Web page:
The following elements should be incorporated:
- Review of current wildlife management approaches in agro-pastoral/outdoor production systems in the different EU Member States and Associated Countries and assessment of the effectiveness of different prevention measures
- Map the most common types of damages caused and the positive externalities created by wild animals with respect to livestock and crops in Europe. Create an inventory of good practices and infrastructures at farms and regional levels, within a wider wildlife management approach.
- Improve or develop tools/technologies for (real time) data collection and analysis to assess, monitor and control (wild) animal behaviour and damages
- Cost/benefit analysis of current and new farming strategies that preserve, protect and valorise wildlife and pastoralism in different regions and ecosystems. Socio-economic, environmental, cultural and political aspects should be considered.
- Assess stakeholders’ (farmers, hunters, conservationists, general public, policy makers…) perspectives and needs (participatory approach) and improve or develop effective instruments to reduce conflicts between livestock farming and wildlife. Identify the most effective measures to mitigate damages and the most common (monetary, non-monetary) compensation mechanisms across Europe.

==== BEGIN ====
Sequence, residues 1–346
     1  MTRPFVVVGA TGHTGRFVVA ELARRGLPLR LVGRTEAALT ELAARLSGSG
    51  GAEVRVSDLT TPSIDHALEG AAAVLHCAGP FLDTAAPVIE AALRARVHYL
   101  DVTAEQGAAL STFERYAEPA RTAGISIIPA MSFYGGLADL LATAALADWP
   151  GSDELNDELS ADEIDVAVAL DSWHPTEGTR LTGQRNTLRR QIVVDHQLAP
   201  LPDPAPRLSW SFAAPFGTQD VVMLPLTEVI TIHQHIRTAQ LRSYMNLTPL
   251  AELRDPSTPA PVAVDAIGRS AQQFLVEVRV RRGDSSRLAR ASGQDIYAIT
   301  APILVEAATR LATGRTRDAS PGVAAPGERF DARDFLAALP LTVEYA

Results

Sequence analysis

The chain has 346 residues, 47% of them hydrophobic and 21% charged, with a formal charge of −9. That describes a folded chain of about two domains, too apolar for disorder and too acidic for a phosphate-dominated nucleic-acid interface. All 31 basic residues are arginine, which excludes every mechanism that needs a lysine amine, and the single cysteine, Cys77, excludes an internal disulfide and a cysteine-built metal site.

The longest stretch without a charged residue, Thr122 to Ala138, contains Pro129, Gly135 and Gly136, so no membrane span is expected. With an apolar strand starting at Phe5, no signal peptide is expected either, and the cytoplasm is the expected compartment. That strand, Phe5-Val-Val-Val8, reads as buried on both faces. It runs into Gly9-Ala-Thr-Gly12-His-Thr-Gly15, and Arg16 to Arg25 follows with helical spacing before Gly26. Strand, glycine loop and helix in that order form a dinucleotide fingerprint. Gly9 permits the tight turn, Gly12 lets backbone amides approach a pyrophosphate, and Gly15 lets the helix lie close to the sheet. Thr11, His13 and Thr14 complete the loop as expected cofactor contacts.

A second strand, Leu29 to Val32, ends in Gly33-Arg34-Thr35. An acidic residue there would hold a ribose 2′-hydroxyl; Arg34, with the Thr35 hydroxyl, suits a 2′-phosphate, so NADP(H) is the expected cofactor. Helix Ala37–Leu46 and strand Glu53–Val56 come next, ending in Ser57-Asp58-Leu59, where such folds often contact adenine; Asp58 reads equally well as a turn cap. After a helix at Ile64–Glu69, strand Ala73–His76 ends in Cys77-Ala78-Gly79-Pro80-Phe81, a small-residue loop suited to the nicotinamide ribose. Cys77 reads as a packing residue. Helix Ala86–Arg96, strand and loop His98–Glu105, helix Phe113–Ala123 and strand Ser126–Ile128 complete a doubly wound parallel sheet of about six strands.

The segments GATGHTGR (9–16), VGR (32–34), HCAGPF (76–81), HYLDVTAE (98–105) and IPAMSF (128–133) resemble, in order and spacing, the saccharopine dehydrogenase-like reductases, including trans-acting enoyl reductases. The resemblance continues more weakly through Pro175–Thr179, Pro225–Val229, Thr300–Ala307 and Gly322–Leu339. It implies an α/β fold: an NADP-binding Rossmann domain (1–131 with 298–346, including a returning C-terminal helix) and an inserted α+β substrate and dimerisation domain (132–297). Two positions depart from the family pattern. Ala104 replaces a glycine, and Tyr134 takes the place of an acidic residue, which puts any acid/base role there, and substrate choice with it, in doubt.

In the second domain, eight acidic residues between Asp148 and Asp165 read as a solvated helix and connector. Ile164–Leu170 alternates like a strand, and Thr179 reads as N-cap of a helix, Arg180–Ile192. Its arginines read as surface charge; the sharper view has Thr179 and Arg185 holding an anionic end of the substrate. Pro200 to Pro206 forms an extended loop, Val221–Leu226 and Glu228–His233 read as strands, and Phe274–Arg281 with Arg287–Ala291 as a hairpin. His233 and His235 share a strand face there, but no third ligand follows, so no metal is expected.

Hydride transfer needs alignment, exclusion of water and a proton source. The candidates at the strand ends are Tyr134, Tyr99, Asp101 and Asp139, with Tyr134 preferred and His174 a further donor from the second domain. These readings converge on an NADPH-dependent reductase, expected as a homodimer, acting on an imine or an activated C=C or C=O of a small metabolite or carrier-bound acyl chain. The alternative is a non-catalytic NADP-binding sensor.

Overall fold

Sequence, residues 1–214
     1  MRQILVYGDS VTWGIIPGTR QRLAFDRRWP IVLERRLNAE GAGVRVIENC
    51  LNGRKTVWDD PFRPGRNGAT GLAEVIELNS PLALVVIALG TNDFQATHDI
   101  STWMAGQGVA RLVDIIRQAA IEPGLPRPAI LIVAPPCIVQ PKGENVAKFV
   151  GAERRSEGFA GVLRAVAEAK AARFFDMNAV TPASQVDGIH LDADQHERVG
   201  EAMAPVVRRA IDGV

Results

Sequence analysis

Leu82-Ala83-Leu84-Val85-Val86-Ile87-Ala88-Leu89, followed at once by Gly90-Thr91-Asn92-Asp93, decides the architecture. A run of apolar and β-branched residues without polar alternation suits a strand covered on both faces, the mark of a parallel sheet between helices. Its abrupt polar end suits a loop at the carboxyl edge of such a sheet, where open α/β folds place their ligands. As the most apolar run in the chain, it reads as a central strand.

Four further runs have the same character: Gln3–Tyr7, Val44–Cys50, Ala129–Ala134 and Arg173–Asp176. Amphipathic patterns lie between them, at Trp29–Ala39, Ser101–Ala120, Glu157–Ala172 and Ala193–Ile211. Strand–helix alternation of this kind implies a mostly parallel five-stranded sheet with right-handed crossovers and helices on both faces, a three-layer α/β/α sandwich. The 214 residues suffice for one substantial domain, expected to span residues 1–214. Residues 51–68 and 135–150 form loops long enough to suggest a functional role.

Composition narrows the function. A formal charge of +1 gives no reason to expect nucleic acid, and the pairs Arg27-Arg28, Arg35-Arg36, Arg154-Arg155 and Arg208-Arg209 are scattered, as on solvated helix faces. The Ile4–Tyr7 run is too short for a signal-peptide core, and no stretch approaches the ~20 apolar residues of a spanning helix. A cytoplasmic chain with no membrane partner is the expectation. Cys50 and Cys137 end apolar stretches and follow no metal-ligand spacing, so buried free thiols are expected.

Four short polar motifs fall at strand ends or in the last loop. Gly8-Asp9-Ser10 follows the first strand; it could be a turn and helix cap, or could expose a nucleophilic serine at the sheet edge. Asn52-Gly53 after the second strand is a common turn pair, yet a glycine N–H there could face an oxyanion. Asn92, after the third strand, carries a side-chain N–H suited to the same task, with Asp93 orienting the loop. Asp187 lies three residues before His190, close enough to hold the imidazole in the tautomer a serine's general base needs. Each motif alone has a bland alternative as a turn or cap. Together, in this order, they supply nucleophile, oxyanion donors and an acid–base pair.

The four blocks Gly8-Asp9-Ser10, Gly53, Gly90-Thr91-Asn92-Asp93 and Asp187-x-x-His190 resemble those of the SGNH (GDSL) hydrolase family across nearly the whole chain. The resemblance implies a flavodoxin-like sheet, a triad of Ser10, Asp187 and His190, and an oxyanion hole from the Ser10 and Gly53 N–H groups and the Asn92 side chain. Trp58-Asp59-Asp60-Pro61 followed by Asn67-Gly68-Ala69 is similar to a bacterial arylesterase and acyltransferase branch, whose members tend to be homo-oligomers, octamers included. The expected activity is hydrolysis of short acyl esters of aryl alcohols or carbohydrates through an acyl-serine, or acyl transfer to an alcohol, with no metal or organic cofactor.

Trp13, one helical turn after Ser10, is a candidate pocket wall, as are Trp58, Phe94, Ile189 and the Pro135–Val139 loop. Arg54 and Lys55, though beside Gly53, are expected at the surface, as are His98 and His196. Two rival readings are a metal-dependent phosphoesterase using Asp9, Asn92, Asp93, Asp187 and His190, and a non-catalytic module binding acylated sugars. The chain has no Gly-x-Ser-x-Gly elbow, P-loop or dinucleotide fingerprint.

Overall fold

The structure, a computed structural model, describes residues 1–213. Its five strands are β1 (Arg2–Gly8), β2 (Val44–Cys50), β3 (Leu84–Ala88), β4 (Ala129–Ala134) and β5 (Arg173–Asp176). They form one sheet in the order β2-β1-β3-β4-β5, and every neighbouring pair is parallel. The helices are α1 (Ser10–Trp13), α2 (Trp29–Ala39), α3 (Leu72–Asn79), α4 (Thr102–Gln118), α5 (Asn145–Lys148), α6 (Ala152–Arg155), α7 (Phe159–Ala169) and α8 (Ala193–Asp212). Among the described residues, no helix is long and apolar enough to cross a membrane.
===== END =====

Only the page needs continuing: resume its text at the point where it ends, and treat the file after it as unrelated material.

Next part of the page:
The proposal should take into account projects funded under the LIFE programme, and interact and engage a dialogue with relevant EU organizations such as EU Platform on Coexistence between People and Large Carnivores.
Proposals must implement the 'multi-actor approach’ and ensure adequate involvement of the main stakeholders involved in managing wildlife/livestock interaction (e.g., farmers, hunters, game farmers and producers, agricultural advisory services, land managers, ecology and nature conservation experts, animal behaviour scientists, social scientists and other relevant actors).